Design Contrast Checklist

  • Design contrast is used to create a focal point and establish a strong hierarchy with the most important items having the most emphasis
  • Contrast is achieved through color, shape, size, alignment, direction, and/or font

In the digital accessibility section of this book, I wrote about color contrast but in graphic design theory, contrast expands beyond just color. In graphic design, contrast is defined as two or more elements that are visually different from each other in a composition. The more difference detected, the greater the contrast between the elements. Contrast is useful for creating a focal point that visually draws your eyes to it first. Contrast helps establish hierarchy and can be used to visually balance elements on a page by giving weight, size, color, shape, or direction. Contrast creates better visual design and it also helps promote accessibility. Poor contrast means low accessibility.

I’ll never forget the night that I really understood the importance of contrast. It was one of those nights, dark with heavy rain that randomly fell in buckets. I was having a hard time seeing.  It was Mother’s Day. I was 19 and driving home from my grandmother’s house. I was turning at an intersection and although I had been down that road many times before, it was one of the first times I was driving and not a passenger. I had to watch for the signs to make sure I didn’t get lost. Well, that night I got into a car accident, partly because I hadn’t seen the car coming head-on. Thank goodness we were both O.K., but it’s odd the things that flash through your mind in an accident. As the car skidded in the night, I thought about graphic design. I saw the green street sign as I pulled to the side and it made me realize how much thought and intention went into designing street signs, and how the contrast of green background with white text that you see on so many road signs are such a good combination.

The road conditions were poor that night, but the one thing I saw clearly was the street signs. It made me want to do more research. I later found out who designed the signs, why they were designed that way, and all about the accessibility of certain fonts and colors. Don Meeker is a famous sign designer who developed the font Clearview, often found on highway signs across the country. He did extensive research on the legibility of this font and the contrast it makes with the green background. His designs are also found at several National Parks across the United States. Sign designers are often called environmental designers because they help wayfinding.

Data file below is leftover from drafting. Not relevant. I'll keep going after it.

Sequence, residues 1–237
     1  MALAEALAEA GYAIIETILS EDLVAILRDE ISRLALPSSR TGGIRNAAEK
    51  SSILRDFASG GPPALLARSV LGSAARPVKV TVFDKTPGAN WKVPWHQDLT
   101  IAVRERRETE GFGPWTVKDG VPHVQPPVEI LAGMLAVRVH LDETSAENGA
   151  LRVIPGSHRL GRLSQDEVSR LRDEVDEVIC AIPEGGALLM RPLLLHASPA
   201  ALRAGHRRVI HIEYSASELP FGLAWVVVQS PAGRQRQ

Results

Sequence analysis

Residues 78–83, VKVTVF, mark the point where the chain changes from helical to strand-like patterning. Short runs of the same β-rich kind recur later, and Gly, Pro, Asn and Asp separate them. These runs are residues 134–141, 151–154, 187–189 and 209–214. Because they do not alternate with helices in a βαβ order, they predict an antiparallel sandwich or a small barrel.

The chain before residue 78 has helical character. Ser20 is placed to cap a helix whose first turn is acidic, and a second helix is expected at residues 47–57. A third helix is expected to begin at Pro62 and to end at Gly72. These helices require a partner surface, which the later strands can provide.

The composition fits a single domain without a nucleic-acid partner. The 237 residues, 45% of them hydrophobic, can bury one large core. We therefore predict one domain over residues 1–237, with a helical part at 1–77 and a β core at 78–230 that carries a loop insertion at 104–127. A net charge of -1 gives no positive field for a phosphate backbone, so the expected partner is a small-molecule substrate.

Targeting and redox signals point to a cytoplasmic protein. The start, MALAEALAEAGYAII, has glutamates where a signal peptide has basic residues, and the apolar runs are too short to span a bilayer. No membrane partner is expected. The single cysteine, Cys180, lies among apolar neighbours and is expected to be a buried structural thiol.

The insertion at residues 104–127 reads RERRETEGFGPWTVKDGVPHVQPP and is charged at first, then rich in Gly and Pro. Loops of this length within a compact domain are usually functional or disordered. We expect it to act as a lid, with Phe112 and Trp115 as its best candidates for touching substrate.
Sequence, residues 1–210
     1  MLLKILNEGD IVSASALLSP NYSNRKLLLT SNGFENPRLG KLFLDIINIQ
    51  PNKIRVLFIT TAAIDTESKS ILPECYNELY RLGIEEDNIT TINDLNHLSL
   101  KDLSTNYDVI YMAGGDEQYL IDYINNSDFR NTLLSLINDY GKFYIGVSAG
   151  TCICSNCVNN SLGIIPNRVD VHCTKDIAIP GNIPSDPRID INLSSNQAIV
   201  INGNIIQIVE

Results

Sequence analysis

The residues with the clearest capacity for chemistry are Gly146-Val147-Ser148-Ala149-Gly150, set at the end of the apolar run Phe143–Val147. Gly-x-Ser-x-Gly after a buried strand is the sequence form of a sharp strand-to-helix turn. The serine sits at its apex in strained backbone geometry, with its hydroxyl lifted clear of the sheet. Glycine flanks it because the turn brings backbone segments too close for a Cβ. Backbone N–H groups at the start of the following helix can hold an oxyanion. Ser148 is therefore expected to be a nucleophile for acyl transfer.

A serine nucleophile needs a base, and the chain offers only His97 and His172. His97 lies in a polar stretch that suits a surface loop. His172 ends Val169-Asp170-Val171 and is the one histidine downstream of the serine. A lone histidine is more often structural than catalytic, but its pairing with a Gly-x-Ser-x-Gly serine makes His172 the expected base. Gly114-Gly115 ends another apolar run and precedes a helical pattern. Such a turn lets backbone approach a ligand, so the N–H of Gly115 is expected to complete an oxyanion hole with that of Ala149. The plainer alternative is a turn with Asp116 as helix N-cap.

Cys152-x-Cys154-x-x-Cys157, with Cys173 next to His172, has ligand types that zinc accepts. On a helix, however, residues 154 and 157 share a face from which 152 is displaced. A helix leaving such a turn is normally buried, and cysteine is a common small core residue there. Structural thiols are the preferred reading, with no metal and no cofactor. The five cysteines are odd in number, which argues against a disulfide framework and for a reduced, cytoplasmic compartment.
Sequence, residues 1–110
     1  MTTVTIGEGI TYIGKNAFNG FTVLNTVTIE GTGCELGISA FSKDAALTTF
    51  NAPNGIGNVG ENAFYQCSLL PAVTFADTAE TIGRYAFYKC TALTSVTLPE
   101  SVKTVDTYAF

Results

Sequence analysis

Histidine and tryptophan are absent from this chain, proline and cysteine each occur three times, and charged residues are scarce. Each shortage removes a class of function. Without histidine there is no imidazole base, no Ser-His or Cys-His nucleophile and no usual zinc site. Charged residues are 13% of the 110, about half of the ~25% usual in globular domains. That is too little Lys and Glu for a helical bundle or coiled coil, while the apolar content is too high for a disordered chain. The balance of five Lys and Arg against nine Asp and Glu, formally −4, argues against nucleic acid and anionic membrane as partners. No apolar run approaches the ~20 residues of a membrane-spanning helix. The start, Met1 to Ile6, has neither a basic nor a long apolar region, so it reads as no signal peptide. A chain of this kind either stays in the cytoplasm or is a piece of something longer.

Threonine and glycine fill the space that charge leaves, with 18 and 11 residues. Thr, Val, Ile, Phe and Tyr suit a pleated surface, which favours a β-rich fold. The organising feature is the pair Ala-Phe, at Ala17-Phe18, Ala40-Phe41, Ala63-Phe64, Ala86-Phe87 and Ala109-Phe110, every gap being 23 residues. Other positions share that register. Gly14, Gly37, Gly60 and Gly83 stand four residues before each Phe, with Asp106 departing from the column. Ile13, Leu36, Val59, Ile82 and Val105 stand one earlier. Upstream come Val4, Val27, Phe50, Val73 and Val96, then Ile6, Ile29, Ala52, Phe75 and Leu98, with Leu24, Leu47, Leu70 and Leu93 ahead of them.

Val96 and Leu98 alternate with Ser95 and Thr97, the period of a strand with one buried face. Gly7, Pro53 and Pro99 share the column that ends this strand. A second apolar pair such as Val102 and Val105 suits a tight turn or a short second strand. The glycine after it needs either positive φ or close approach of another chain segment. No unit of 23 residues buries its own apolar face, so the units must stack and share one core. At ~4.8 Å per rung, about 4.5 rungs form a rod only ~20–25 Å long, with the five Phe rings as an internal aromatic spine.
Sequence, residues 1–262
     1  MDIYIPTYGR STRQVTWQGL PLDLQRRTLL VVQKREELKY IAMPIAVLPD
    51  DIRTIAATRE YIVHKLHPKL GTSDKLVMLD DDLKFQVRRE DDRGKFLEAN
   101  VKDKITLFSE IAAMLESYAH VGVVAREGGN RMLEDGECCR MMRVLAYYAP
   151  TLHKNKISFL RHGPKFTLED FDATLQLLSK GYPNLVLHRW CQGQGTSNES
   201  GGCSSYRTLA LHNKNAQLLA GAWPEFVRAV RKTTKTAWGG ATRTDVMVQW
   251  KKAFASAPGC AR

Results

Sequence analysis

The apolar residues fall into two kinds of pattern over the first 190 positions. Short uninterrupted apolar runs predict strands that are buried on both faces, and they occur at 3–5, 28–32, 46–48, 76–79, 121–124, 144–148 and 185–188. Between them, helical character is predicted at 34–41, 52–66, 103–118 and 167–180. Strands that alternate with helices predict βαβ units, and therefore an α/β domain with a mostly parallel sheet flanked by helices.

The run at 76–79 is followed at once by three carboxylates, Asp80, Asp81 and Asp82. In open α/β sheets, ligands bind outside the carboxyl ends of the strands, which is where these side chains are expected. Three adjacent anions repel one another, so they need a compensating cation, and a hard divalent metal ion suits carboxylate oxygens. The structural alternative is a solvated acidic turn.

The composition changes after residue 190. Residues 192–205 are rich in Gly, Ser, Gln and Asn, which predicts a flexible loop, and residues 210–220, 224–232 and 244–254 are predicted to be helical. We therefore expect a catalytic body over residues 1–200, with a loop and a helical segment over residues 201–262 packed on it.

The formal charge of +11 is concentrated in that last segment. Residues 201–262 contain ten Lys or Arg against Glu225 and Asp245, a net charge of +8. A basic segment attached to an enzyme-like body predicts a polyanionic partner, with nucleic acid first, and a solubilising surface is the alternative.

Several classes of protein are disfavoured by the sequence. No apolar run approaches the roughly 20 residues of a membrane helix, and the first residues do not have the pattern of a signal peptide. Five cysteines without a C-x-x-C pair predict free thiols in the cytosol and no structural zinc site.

Interior of an airport with gate signs
Airports are notorious for having signs with very a very high contrast ratio.

Environmental designers create signage for parks, highways, museums, office buildings, hospitals, airports. Think about the last time you were at an airport. The design of airport signs both inside and outside the buildings must quickly direct traffic by foot, car, and plane by keeping accessibility in mind. Designers use font, color, and icons to communicate clearly to a diverse audience. Most importantly, they design with very high contrast.

Signs need to be read and understood from far away and up close. Another place you see high-contrast signs is at National Parks. In order to follow trailhead signs and internal markers, visitors need high-contrast visual cues so they can stay on the path. Without wayfinding, we would be constantly lost. Our GPS apps are not useful if we can’t see the street signs or the highway marker to make the turn. Contrast shows up frequently in the environment: the bright, large sign that alerts you of the gap between the platform and the train; the dark elevator buttons lit up with bright lights that also contain braille for the visually impaired. Instructional designers can learn a great deal about contrast, accessibility, and usability from environmental designers.